Weathering of Clay-Pyrite of Coal-Bearing Formation in the Endemic Fluorosis Area of Southwest China
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College of Life Science, Huaibei Normal University, Huaibei, Anhui, China, 235000, China
School of Chemical & Environmental Engineering, CUMTB, Beijing 100083, China
State Key Laboratory of Coal Resources and Safe Mining, CUMTB, Beijing 100083, China
Submission date: 2022-08-29
Final revision date: 2022-10-18
Acceptance date: 2022-10-21
Online publication date: 2022-12-23
Publication date: 2023-02-23
Corresponding author
Yang Kang   

China Unversity of Mining & Technology, Beijing, China
Pol. J. Environ. Stud. 2023;32(2):1433–1445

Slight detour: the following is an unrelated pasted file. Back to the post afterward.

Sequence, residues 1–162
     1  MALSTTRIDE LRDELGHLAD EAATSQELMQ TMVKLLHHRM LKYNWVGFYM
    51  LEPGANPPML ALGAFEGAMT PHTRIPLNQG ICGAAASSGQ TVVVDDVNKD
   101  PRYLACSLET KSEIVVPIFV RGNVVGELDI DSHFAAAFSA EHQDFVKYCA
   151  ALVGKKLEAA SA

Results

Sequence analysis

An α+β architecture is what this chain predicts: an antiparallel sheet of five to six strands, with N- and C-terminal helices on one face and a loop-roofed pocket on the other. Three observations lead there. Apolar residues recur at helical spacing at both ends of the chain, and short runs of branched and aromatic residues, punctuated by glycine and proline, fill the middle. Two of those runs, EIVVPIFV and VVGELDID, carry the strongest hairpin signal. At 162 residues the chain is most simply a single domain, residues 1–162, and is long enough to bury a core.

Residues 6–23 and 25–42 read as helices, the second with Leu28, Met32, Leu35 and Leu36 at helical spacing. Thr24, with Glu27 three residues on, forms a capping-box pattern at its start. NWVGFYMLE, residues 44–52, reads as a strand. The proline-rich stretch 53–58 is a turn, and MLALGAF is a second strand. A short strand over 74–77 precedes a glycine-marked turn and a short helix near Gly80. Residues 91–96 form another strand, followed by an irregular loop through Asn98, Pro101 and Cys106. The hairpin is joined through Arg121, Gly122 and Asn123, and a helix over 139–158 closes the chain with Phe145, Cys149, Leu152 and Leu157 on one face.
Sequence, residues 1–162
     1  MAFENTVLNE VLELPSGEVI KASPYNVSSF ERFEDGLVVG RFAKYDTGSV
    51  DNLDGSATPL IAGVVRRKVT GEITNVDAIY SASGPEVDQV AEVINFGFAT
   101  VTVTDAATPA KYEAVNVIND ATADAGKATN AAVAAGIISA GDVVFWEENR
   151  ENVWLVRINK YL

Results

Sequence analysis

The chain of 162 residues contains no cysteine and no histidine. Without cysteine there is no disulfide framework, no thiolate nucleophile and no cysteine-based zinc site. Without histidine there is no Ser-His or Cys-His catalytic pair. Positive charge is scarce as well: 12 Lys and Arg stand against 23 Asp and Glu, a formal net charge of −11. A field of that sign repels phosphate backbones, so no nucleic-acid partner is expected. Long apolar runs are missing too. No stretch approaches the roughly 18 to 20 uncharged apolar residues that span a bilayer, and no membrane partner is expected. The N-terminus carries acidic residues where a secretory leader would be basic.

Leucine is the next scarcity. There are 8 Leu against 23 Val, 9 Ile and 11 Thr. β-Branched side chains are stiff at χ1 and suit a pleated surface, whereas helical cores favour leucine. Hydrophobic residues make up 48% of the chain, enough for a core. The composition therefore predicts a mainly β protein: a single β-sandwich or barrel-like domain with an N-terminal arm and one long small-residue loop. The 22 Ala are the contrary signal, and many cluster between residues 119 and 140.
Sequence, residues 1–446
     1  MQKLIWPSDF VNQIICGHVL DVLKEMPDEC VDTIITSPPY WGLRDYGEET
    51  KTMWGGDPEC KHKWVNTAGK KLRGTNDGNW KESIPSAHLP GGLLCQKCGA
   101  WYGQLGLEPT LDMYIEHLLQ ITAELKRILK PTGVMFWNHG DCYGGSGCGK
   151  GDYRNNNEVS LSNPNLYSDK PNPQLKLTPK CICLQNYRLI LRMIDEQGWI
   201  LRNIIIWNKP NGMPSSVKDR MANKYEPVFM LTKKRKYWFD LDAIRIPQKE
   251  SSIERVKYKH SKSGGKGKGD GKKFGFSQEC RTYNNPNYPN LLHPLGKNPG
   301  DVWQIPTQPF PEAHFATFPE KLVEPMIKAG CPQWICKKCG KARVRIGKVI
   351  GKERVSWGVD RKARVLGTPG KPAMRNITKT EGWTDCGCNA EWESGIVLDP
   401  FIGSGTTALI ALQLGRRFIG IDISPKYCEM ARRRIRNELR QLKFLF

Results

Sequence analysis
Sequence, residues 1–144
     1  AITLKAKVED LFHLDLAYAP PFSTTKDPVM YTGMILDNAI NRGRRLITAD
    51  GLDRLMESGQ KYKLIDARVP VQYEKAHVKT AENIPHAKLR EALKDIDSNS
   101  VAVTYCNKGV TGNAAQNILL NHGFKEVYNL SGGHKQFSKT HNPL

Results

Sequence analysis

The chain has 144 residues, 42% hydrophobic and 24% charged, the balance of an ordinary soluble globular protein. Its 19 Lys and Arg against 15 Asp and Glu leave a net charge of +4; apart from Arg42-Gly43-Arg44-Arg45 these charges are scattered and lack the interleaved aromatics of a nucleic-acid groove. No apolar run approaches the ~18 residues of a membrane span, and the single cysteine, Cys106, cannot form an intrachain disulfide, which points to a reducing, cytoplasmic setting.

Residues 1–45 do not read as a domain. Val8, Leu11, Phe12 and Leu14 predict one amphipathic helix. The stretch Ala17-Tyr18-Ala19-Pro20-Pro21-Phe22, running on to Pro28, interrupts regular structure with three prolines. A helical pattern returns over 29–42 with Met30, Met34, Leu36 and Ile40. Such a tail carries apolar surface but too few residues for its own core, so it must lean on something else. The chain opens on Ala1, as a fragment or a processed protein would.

It is common practice to use clay for coal-burning in fluorosis areas on the border of Yunnan, Guizhou, where coal-bearing strata is widely outcropped, and clay for coal-burning is usually considered to be collected from efflorescent clay in coal-bearing strata by some scholars. However, the relevant chemical properties of the clay, the mechanism that causes the fluorosis are not clear and the chemical forms of fluorine species present during transfer from the clay to the human body remain unclear. In this study, approximately 71 samples of efflorescent clay of coal-bearing strata were collected from seven counties in this area, and the results showed that those samples had a high-fluorine content with an average of 751 μg·g-1(237–1,764 μg·g−1, n = 71). The clays were rich in acid with an average pH of 5.81 (2.39-8.25, n = 71) and the acidic clays accounted for 52% of the total clay samples. The sulfate (SO42–) content of the clay samples were also high and ranged from 295 to 13086μg·g−1 (average 1851μg·g−1, n = 71). The pH value of the acidic efflorescent clay was positively correlated with –lgC [SO42-] (R = 0.75), which indicated that the acid may exist in the form of acidic sulfate such as KHSO4 or NaHSO4. Further research using time-of-flight secondary ion mass spectrometry (TOF-SIMS) found that the surface of the clay samples was rich in characteristic positive and negative ions such as HSO4-, SO4-, FeSO4+, FeO+, and F-. This indicated that the clay samples contained pyrite and the pyrite in clay had been weathered and produced acid sulfate as a result of long-term natural exposure to coal strata. By heating the clay samples, hydrogen fluoride (HF) was released from the clay and it was verified quantitatively without exception, ranging from 28 to 302 ppb (average 105.67 ppb), which was significantly higher than the HF background concentration in the laboratory. The result provided direct evidence of HF release during the heating process. The possible reaction mechanism was that a chemical reaction between the acid (HSO4) and fluorine in the clay occurs, thereby producing HF, which is the chemical form of fluorine released from clay under relatively mild conditions. The unique chemical and physical properties of HF may provide new insights into the pathogenic mechanisms of coal-burning induced endemic fluorosis.